Spiderwomen serve up Cambodia’s creepy caviar

They’re black, hairy, have eight legs and are delicious when fried with garlic and butter. Originally eaten out of necessity, the burrowing beasts have become a gastronomic landmark of the Skuon region.

First unearthed by starving Cambodians in the dark days of the Khmer Rouge “killing fields” rule, Skuon’s spiders have transformed from the vital sustenance of desperate refugees into a choice national delicacy.

Black, hairy, and packing vicious, venom-soaked fangs, the burrowing arachnids common to the jungle around this bustling market town do not appear at first sight to be the caviar of Cambodia.

But for many residents of Skuon, the “a-ping” – as the breed of palm-sized tarantula is known in Khmer – are a source of fame and fortune in an otherwise impoverished farming region in the east of the war-ravaged southeast Asian nation.

“On a good day, I can sell between 100 and 200 spiders,” said Tum Neang, a 28-year-old spider-seller who supports her entire family by hawking the creepy-crawlies, deep fried in garlic and salt, to the people who flock to Skuon for a juicy morsel.

At around 300 riel (eight US cents) a spider, the eight-legged snack industry provides a tidy income in a country where around one third of people live below a poverty line of $1 per day.

The dish’s genesis is also a poignant reminder of Cambodia’s bloody past, particularly under the Khmer Rouge, whose brutal four years in power from 1975-1979 left an estimated 1.7 million people dead, many through torture and execution.

Turning back the clock hundreds of years, Pol Pot’s ultra-Maoist guerrillas emptied Cambodia’s vibrant cities and destroyed businesses and universities in a bid create a totally agrarian, peasant society. For the millions forced at gunpoint into the fields, grubs and insects such as spiders, crickets, wasps and “konteh long” – the giant water beetles found in lakes near the Vietnamese border – were what kept them alive.

“When people fled into the jungle to get away from Pol Pot’s troops, they found these spiders and had to eat them because they were so hungry,” said Sim Yong, a 40-year-old mother of five. “Then they discovered they were so delicious,” she said, proffering a plate piled high with hundreds of the greasy fried arachnids.

“And our spiders are by far the best in Cambodia.” It’s the taste For Roeun Sarin, a 35-year-old minibus taxi passenger on his way to Cambodia’s capital Phnom Penh, the Skuon spider is definitely a matter of taste, not history. “I cannot go through Skuon without having a few spiders, I love them so much,” he said, as yet another crispy tarantula disappeared into his mouth. “They taste a bit like crickets, only much better,” he added. “They taste a bit like crickets, only much better…”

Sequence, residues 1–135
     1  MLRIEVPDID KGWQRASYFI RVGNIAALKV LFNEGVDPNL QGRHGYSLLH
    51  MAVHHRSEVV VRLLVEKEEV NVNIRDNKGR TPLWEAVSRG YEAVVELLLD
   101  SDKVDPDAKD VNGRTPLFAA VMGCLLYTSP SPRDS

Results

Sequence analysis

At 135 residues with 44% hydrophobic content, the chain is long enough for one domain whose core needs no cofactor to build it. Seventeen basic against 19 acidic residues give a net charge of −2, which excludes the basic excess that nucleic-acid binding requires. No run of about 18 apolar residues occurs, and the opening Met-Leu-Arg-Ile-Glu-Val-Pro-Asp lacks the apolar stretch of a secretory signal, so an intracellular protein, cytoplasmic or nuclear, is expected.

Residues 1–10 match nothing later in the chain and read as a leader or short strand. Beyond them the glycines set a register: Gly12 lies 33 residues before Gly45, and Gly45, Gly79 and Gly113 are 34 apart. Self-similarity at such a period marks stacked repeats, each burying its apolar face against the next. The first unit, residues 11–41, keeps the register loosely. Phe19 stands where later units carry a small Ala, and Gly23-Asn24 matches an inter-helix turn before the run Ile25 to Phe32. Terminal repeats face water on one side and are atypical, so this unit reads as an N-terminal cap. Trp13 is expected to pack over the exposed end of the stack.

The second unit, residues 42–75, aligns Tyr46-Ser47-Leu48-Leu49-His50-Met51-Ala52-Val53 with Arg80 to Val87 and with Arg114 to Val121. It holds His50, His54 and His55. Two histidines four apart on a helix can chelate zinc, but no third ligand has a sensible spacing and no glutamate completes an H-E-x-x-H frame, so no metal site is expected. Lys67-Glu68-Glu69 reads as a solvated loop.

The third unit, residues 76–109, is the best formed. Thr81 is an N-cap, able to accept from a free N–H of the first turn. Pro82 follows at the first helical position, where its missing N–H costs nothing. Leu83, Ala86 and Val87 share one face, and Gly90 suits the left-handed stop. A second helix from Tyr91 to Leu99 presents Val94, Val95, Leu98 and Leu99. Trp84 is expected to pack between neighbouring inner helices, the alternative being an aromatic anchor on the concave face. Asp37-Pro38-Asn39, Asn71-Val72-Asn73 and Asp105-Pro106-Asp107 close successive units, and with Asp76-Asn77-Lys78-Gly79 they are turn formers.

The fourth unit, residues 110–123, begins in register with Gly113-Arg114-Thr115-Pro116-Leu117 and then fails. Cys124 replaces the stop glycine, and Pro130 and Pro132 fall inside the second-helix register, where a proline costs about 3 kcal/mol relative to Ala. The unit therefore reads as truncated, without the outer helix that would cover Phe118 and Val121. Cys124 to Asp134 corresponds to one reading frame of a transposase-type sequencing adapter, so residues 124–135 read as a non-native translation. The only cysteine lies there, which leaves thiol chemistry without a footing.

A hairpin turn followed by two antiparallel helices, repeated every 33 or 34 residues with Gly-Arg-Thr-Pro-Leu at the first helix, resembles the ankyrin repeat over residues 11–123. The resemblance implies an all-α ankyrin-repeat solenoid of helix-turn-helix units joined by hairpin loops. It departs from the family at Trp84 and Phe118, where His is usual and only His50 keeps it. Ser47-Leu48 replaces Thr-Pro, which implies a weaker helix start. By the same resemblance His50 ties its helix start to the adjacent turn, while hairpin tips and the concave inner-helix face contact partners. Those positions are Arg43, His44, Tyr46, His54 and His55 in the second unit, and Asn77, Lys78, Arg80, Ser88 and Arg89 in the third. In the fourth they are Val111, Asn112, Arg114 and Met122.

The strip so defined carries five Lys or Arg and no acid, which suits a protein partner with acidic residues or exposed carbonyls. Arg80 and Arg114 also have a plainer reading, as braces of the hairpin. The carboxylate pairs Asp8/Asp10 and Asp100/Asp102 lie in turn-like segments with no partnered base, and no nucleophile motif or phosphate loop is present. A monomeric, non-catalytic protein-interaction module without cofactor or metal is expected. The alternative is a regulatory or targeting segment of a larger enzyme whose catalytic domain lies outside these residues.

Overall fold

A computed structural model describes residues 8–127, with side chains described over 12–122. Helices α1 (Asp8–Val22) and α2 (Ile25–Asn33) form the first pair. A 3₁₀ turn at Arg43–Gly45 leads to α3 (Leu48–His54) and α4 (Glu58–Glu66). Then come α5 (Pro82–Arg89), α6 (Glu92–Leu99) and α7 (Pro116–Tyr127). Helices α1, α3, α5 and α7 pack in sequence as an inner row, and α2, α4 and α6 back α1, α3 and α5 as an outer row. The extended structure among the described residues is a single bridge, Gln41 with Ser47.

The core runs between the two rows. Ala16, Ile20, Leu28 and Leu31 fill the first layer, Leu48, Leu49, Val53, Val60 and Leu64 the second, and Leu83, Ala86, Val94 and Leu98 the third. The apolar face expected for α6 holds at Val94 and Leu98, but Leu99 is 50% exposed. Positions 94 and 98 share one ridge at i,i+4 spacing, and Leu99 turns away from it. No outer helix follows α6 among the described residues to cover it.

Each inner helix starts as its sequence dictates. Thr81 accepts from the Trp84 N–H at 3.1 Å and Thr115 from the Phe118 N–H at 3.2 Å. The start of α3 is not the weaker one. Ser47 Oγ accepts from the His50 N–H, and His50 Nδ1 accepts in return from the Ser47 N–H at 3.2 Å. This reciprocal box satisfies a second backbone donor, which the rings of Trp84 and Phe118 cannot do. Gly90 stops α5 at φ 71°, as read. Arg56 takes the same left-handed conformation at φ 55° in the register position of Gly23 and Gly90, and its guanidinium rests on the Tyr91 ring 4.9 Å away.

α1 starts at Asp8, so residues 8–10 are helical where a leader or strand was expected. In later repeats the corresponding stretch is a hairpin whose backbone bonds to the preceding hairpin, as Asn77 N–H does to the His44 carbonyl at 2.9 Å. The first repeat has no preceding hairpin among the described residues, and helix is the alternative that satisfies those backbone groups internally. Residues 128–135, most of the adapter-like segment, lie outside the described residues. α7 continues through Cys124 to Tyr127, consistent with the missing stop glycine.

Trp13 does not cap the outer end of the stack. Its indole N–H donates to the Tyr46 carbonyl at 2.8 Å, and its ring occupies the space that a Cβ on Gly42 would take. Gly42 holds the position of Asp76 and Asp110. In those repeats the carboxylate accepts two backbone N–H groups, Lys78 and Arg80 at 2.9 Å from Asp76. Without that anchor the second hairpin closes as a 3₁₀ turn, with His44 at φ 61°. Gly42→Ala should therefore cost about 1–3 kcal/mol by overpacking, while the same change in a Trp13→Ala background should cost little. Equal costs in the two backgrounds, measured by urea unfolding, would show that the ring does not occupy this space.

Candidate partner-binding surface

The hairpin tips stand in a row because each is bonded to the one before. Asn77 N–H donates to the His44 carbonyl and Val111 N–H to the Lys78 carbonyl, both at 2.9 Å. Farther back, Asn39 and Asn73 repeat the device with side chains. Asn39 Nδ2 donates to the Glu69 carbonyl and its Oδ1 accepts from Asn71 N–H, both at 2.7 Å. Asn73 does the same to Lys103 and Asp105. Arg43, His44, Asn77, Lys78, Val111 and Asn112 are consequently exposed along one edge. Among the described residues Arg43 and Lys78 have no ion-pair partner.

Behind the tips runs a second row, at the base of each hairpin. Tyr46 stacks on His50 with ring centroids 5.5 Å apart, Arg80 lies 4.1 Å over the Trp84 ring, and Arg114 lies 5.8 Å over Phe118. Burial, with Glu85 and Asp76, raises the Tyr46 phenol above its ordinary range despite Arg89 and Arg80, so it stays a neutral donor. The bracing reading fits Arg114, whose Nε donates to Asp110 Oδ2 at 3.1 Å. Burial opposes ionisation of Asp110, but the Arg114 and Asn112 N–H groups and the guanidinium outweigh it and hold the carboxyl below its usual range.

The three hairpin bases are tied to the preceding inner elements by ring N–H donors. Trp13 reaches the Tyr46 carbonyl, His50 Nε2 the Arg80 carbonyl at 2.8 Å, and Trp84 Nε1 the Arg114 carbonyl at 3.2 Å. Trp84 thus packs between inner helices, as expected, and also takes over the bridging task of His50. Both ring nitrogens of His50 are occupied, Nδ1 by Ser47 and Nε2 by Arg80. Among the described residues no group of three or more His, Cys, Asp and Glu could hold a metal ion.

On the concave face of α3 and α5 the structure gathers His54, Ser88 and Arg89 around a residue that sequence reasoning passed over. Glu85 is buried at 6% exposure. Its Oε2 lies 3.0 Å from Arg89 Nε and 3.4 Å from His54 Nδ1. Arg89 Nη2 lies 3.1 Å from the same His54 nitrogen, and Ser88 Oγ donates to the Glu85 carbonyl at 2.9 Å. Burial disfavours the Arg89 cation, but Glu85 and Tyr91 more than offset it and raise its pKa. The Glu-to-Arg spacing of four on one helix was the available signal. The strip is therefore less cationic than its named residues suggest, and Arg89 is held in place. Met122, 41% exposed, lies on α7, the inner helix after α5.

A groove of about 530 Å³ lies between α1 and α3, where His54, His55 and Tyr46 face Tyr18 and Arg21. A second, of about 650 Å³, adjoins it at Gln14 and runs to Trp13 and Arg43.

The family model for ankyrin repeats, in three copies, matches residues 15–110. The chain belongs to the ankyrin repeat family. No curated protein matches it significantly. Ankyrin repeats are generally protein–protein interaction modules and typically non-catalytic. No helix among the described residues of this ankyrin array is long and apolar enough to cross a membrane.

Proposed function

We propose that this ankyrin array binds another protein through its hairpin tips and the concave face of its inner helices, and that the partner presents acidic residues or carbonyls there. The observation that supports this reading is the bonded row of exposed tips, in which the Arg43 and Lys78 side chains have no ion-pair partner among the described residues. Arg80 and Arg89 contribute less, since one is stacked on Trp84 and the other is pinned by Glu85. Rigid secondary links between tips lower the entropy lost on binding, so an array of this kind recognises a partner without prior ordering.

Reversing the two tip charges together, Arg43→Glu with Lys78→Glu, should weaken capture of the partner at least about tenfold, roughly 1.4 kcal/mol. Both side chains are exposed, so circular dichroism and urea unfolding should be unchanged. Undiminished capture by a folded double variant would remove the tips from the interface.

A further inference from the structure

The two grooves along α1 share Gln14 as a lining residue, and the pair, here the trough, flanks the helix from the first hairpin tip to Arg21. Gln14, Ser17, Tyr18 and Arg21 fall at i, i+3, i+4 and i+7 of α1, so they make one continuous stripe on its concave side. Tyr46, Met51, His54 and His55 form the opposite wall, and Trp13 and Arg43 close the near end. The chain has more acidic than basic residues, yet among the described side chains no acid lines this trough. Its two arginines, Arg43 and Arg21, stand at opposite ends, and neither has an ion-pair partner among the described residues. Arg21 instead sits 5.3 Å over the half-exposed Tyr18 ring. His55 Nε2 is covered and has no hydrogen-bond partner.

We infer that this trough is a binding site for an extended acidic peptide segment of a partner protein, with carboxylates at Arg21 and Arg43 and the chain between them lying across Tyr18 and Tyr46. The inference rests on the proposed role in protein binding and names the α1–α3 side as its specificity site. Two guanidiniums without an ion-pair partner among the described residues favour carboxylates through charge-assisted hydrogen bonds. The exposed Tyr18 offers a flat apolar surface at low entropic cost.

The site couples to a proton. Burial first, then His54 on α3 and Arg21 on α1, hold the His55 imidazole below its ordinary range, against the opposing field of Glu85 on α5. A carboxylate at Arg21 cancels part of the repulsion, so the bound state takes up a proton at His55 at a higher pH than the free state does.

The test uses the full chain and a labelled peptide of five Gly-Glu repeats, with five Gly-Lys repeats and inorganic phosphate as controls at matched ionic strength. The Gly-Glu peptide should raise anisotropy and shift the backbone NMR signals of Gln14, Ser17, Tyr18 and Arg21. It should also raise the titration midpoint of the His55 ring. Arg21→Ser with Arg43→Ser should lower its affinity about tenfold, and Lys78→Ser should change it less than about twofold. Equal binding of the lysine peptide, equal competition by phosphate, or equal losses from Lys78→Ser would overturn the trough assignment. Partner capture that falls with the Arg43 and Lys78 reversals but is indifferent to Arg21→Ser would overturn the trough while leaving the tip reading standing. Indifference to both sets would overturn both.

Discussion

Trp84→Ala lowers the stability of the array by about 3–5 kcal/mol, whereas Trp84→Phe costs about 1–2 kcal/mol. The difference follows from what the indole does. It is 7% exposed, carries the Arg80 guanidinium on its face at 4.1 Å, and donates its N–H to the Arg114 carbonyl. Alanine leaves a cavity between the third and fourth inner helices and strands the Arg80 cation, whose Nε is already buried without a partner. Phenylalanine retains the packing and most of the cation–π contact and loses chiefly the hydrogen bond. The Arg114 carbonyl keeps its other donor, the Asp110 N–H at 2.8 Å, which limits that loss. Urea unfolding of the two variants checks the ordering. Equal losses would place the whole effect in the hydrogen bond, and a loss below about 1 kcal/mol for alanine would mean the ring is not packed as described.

Meanwhile, in the service station in the centre of town, the ebb and flow of Skuon life continues as more minibuses full of spider-starved Phnom Penh residents pull up, to be besieged by a cluster of excited spider-sellers.

Travellers from the capital, 60 km (38 miles) to the southwest, often buy dozens of the spiders at a time, fresh from the soil around Skuon, rather than wait for what might be inferior produce in the Phnom Penh markets. Conservationists and vegetarians might blanche at the relentless pursuit of so many spiders for the sake of a snack, but locals are confident the arachnid population will hold up. Indeed, the only time a crisis threatened was around the Millennium when an extra-large number of spider-eaters passed through Skuon on their way to celebrate the New Year at Angkor, the stunning 1000-year-old temple complex in the northwest.

Say goodbye to backache

According to aficionado Tum Neang, the best spider is one plucked straight from its burrow and pan fried with lashings of garlic and salt over a traditional wood fire until its skin goes a deep red-brown colour. Crispy on the outside, gooey on the inside, it should then be served piping hot. But the spider’s remarkable popularity does not stop with its taste. Like many of her fellow Cambodians, Chor Rin, a 40-year-old market stall trader, swears by its medicinal properties – especially when mushed up in a rice wine cocktail. “It’s particularly good for back ache and children with breathing problems,” she said, dipping a glass into a jar of murky brown liquid, at the bottom of which sits a rotting mass of hairy black legs and bloated spider bellies.

“People could not afford medicine under the Khmer Rouge so they had to use traditional medicines. “They drank it and it made them feel stronger. “With the wine, it’s very important they still have their fangs or the medicine loses its power,” she said. “With the wine, it’s very important they still have their fangs…” For truckers making the long trip up to Cambodia’s northern reaches, a bracing slug of the liquor is an obligatory tonic, and a litre of top grade spider wine can fetch as much as $2, a huge sum in local terms. Prices of fried spiders in Phnom Penh are also on the rise as supply struggles to keep pace with demand – although it looks as though it will be some time before non-Cambodians cotton on.

“They are becoming more and more popular, but I don’t think there’s much demand from Europeans yet,” said spider-trader Chea Khan.


Keresés a setarepules.info-n

Nálam végzett pilóták